Sonny_OrrI wonder where our sense of humour comes from? Why does it pop up when it does, sometimes inappropriately, but most times with exact timing for that last zing of a joke, bringing out peals of laughter and good times. It’s not that joking around is something that can be taken seriously though. Jokes can backfire and sometimes the joker becomes the victim of his own jest.

If this seems confusing, well it is. I am trying to confuse everyone with this column, and I think I’m doing a good job of it. Often, I get asked if what I write is true, then I explain that the truth, if told properly, is ugly. That’s why I tend to spice things up with some humour and a little bit of exaggeration, to put emphasis on the moral of the story.

For instance, once I was asked at a swanky hotel if I wrote the truth and I retorted that most of what I write is made up to protect the innocent (and the guilty) from ever showing their face in public. I was called an outright liar. I shot back that I prefer the term “good storyteller.” The idiot got louder, and I just shook my head, wondering if that person had ever lied before – of course, he did, he’s a politician. If there were any politicians who didn’t lie, they wouldn’t be elected in the first place.

Even though politics isn’t considered to be a funny occupation, why are so many clowns running for office? In a way, when a politician says they are this and that, high up in the stratosphere, floating around with angels and good spirits, it’s most likely that they aren’t who they really say they are. That’s why guys like Rob Ford or Arnold Schwarzenegger are the most honest politicians around.

Arnold stated that he, in his lifetime, consumed all kinds of drugs and did all kinds of party (kinky) things, so much so that it was a walk in the park to run for governor of California. He won the election by a landslide and the Terminator was in politics to clean out the rats and fix up the economy. If Arnold said that he was anything else than who he was, he would have lost the elections big time.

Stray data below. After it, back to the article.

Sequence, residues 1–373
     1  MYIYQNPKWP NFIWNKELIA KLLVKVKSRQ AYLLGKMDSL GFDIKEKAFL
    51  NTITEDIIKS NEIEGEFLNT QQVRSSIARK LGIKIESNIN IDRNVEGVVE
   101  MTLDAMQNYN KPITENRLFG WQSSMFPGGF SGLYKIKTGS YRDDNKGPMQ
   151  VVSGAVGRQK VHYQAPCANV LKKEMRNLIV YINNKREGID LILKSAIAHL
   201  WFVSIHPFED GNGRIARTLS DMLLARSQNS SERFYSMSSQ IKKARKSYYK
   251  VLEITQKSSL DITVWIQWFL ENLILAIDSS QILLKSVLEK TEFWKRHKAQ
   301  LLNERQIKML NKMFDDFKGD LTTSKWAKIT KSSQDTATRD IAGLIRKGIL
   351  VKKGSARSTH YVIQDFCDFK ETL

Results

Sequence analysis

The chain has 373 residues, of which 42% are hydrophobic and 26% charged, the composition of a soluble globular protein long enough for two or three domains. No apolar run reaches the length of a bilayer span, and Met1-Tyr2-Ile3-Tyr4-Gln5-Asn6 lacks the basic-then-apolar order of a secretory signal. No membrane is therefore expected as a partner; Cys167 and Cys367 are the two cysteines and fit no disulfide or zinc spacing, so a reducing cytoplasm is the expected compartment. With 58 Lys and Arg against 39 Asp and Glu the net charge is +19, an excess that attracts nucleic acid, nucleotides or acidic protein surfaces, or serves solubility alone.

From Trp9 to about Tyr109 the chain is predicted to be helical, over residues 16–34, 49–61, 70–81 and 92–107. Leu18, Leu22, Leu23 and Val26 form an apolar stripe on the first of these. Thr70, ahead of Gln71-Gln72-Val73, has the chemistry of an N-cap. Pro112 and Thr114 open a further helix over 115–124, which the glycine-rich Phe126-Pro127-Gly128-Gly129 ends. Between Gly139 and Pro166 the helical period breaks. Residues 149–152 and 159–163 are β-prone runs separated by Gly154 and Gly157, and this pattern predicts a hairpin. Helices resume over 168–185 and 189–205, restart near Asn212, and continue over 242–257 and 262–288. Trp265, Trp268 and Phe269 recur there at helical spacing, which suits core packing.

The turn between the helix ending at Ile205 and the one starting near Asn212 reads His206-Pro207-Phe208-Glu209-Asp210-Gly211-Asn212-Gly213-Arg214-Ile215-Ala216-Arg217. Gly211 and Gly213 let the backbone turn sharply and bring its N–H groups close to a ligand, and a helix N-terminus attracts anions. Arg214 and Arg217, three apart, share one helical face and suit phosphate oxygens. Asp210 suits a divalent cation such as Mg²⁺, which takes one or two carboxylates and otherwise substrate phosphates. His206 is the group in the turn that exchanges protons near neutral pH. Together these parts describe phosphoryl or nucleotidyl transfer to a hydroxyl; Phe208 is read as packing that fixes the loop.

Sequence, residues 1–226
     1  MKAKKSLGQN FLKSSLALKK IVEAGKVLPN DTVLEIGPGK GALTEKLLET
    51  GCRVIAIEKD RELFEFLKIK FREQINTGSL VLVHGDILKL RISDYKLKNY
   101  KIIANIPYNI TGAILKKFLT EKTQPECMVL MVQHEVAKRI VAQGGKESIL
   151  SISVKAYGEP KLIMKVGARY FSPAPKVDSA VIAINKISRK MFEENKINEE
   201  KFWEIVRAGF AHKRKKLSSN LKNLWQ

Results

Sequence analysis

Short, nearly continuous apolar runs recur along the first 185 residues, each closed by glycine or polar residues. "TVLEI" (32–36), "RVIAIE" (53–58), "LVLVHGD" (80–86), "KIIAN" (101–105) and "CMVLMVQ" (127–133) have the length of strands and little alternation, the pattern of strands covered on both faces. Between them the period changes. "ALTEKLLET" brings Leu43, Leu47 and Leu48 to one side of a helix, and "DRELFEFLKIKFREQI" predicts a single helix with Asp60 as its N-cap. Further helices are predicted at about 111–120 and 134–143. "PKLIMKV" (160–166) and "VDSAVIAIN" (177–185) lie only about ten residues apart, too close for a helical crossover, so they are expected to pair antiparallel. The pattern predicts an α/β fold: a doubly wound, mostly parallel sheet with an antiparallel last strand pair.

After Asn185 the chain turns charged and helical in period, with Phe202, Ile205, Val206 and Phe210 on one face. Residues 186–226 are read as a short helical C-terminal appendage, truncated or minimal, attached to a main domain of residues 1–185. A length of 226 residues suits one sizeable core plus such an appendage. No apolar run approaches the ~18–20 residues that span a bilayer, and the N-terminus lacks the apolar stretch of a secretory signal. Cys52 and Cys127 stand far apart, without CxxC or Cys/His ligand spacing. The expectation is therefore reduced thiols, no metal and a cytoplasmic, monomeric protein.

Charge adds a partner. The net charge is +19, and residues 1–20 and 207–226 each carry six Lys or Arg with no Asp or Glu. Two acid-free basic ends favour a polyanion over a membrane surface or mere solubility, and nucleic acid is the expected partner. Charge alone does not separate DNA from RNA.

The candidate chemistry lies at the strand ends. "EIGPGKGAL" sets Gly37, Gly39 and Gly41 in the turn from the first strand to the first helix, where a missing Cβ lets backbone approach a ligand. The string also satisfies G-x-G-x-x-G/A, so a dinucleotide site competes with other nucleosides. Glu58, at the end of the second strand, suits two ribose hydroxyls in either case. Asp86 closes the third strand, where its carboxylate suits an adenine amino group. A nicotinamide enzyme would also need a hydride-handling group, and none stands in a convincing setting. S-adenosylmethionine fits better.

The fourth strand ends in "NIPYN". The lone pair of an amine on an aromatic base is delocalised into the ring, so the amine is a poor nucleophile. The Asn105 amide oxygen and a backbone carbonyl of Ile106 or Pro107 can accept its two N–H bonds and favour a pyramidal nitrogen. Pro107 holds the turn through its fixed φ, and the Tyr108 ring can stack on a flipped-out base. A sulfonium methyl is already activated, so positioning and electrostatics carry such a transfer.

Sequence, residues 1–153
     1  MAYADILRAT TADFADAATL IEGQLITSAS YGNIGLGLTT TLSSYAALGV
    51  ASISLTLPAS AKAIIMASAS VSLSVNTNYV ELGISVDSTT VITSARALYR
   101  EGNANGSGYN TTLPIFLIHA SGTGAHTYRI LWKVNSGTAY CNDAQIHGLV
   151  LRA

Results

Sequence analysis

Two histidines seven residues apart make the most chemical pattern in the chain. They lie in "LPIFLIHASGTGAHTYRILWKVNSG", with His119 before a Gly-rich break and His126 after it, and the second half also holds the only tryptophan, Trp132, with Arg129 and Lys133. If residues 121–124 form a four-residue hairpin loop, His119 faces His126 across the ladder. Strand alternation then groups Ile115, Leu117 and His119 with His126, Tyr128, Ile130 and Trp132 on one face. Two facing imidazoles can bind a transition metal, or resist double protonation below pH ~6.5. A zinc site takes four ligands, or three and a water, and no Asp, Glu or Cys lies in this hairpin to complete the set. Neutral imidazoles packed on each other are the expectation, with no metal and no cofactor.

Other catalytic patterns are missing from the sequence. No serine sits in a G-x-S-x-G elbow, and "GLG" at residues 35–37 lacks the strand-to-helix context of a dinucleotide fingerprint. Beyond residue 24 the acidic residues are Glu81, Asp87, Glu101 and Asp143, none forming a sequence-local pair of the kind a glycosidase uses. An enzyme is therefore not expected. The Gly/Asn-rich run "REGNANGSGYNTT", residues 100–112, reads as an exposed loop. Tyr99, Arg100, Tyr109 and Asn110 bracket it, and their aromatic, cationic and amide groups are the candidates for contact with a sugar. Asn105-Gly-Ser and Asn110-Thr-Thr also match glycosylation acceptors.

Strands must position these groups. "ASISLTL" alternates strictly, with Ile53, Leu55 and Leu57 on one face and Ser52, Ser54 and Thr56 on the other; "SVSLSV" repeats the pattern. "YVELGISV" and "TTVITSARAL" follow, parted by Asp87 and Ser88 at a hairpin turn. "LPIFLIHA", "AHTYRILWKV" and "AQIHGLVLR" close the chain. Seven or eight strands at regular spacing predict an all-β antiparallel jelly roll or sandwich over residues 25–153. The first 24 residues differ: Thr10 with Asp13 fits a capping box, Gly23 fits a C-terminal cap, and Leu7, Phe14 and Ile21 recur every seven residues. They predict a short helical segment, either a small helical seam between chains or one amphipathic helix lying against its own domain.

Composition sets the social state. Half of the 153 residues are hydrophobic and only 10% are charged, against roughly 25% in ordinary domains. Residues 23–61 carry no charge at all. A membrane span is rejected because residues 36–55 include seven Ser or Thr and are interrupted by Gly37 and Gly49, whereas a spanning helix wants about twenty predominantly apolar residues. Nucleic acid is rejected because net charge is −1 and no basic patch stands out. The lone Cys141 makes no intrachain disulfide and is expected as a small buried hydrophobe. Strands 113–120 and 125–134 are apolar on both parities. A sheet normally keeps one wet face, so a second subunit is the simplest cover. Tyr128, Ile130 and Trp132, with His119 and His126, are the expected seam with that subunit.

As for Rob Ford, he must have been in politics for quite some time, not a word about his election made it to the national news for more than a day. But when he started getting attention for his wild side, the spotlight became intense. Every person has their personal foibles, but how many politicians do you see hobnobbing with street vendors, bikers and dealers and admitting to their own human failings? Not too many.

For us, it seems that whenever a person runs for politics, their campaigns are so perfect in their promise to deliver that they seem almost magical. This is funny, because the world they promise doesn’t exist in real life. If, however, a political wannabe were to come out and freely express that their social crutches won’t get in the way of their electoral promises, then they got my vote. If someone were to say, for example, their platform was to improve communications amongst entities and then after being elected, was never heard from again, I’d find that pretty strange.

In a way, humour tends surface when we are stressed, underfed, overworked and underpaid. Under the gun of starvation, laughter is the only thing that works. That’s why our people deal with the pressures of life with joking and laughter. Humour also has its place in politics because of the pressure and all the other weird stuff that comes with a political office. Just as long as they don’t act like clowns all the time, then they would earn my respect like I have for Arnold and Rob.